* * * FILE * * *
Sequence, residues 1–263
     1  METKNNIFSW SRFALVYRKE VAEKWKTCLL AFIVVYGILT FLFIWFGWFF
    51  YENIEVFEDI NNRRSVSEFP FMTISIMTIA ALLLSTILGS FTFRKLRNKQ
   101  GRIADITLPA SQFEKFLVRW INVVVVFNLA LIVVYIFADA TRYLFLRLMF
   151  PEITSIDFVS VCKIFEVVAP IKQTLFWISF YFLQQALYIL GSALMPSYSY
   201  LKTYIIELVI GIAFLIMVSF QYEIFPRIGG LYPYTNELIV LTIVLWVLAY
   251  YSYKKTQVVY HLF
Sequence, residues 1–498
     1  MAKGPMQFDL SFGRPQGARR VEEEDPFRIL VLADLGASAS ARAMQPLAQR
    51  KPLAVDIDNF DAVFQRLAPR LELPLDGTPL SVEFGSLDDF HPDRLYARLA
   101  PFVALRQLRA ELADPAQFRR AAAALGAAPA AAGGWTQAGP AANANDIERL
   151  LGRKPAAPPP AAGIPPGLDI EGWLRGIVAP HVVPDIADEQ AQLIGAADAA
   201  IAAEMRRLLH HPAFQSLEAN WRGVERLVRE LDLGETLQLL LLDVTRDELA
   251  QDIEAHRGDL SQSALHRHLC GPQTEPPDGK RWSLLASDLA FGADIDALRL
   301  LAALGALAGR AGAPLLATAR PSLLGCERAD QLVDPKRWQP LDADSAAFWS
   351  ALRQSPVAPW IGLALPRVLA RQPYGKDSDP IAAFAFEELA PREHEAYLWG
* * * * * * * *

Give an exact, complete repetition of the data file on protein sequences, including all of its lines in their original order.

Sequence, residues 1–263
     1  METKNNIFSW SRFALVYRKE VAEKWKTCLL AFIVVYGILT FLFIWFGWFF
    51  YENIEVFEDI NNRRSVSEFP FMTISIMTIA ALLLSTILGS FTFRKLRNKQ
   101  GRIADITLPA SQFEKFLVRW INVVVVFNLA LIVVYIFADA TRYLFLRLMF
   151  PEITSIDFVS VCKIFEVVAP IKQTLFWISF YFLQQALYIL GSALMPSYSY
   201  LKTYIIELVI GIAFLIMVSF QYEIFPRIGG LYPYTNELIV LTIVLWVLAY
   251  YSYKKTQVVY HLF
Sequence, residues 1–498
     1  MAKGPMQFDL SFGRPQGARR VEEEDPFRIL VLADLGASAS ARAMQPLAQR
    51  KPLAVDIDNF DAVFQRLAPR LELPLDGTPL SVEFGSLDDF HPDRLYARLA
   101  PFVALRQLRA ELADPAQFRR AAAALGAAPA AAGGWTQAGP AANANDIERL
   151  LGRKPAAPPP AAGIPPGLDI EGWLRGIVAP HVVPDIADEQ AQLIGAADAA
   201  IAAEMRRLLH HPAFQSLEAN WRGVERLVRE LDLGETLQLL LLDVTRDELA
   251  QDIEAHRGDL SQSALHRHLC GPQTEPPDGK RWSLLASDLA FGADIDALRL
   301  LAALGALAGR AGAPLLATAR PSLLGCERAD QLVDPKRWQP LDADSAAFWS
   351  ALRQSPVAPW IGLALPRVLA RQPYGKDSDP IAAFAFEELA PREHEAYLWG